Sri Lankan labourer fumigates buildings to control mosquitoes in Colombo, Sri Lanka. (Photo: AP)
GENEVA, Nov. 19 (Xinhua) -- As reductions in malaria cases have stalled after several years of decline globally, the World Health Organization (WHO) and partners are joining a new country-led response to scale up prevention, treatment and investment to protect vulnerable people from the deadly disease, the WHO said on Monday.
In its latest World Malaria Report 2018, the WHO reveals a plateauing in numbers of people affected by malaria, from an estimated 217 million cases of malaria in 2016 to 219 million 2017. In comparison, the numbers were 214 million in 2015 and 239 million in 2010.
In 2017, about 70 percent of all malaria cases, or 151 million, and deaths, or 274,000, were concentrated in 11 countries, of which 10 were in Africa with the rest being India. Some 3.5 million more malaria cases reported in the 10 African countries in 2017 compared to the previous year, while India, however, showed progress in reducing its disease burden.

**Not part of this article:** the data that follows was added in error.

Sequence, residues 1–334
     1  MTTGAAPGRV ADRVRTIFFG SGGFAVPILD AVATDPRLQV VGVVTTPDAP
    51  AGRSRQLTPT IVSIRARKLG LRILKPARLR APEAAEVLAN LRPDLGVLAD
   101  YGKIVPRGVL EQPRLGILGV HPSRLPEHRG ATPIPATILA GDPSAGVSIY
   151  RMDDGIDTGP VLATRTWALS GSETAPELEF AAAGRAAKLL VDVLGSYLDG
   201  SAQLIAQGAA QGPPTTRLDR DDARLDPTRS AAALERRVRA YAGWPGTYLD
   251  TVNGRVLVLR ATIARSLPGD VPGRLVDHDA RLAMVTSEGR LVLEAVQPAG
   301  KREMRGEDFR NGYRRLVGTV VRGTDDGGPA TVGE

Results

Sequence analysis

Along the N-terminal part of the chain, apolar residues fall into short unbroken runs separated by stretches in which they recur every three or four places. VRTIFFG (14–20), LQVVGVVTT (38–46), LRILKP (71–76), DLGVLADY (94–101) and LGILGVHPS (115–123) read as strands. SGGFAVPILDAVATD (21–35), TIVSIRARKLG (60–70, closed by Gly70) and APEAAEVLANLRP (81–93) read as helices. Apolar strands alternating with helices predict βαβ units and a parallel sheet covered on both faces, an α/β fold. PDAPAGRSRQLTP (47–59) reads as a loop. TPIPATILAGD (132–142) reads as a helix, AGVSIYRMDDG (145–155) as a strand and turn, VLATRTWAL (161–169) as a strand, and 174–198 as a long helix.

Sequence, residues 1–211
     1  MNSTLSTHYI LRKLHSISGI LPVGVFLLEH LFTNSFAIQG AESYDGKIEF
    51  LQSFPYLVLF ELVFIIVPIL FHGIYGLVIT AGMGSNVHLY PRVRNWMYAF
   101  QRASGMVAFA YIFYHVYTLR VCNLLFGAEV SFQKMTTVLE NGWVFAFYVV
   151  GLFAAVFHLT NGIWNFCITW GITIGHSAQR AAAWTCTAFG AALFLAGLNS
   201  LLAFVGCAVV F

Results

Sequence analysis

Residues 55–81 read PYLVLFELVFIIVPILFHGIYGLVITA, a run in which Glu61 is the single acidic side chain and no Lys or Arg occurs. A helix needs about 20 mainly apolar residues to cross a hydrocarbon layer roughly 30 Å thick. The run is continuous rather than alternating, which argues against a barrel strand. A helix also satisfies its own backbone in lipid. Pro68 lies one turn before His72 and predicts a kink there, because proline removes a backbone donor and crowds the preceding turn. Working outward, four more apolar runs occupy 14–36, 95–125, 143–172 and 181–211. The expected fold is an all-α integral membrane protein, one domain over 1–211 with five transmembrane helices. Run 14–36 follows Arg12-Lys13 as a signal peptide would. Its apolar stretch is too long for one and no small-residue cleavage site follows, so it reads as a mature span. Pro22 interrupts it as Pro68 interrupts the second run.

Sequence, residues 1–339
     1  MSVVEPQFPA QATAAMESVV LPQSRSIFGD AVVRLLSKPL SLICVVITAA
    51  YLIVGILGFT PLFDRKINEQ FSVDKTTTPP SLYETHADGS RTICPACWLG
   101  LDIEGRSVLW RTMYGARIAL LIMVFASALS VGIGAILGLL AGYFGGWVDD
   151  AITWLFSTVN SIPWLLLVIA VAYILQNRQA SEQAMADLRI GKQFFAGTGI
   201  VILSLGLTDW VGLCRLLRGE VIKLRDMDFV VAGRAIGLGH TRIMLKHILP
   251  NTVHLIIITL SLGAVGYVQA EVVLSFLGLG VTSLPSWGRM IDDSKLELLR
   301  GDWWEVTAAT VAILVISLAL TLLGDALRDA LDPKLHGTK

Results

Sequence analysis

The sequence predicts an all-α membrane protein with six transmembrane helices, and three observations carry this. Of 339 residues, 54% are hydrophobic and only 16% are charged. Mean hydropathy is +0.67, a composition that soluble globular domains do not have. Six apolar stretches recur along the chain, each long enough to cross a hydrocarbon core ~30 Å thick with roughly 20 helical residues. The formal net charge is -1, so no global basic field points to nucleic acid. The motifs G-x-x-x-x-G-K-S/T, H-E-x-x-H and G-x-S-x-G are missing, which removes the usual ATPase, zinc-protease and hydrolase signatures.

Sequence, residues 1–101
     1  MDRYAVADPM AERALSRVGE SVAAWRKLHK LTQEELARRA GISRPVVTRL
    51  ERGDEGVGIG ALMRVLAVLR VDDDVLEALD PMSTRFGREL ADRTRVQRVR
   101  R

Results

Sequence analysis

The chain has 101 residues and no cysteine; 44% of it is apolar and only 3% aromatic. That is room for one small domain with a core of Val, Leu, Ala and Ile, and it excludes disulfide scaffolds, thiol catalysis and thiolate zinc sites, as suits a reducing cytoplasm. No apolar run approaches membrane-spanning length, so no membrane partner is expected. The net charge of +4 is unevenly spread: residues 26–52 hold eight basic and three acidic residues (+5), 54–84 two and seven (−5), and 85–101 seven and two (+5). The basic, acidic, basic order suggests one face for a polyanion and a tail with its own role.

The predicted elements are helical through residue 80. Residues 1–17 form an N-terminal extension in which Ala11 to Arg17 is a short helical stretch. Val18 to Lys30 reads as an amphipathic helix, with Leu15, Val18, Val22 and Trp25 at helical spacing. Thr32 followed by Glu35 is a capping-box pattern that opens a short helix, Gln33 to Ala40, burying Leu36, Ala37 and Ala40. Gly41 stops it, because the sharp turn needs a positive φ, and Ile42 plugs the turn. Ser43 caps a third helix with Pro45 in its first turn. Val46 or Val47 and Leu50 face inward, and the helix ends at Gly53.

Despite the efforts in recent years, an estimated half of at-risk people in Africa are still not sleeping under an insecticide-treated bed net, which has been the primary tool for preventing malaria. Also, fewer homes are being protected by indoor residual spraying than before, and access to preventive therapies that protect pregnant women and children from malaria remains too low.
As a response, the WHO and partners are launching a new country-driven "High burden to high impact" plan to support nations with most malaria cases and deaths. It aims to galvanize national and global political attention to reduce malaria deaths; to enhance the use of information; to establish best global guidance, policies and strategies; and to implement a coordinated country response.
The plan highlights domestic financing as key to success, as funding for the global response has shown a leveling off during the past years. To meet the 2030 targets of the global malaria strategy, malaria investments should reach at least 6.6 billion U.S. dollars annually by 2020, more than double the amount available today.
The report highlights some positive progress. The number of countries nearing elimination continues to grow from 37 in 2010 to 46 in 2017, while China and El Salvador reported zero local transmission of malaria in 2017, which are perfect examples that intensive country-led control efforts can succeed in reducing the risk people face from the disease.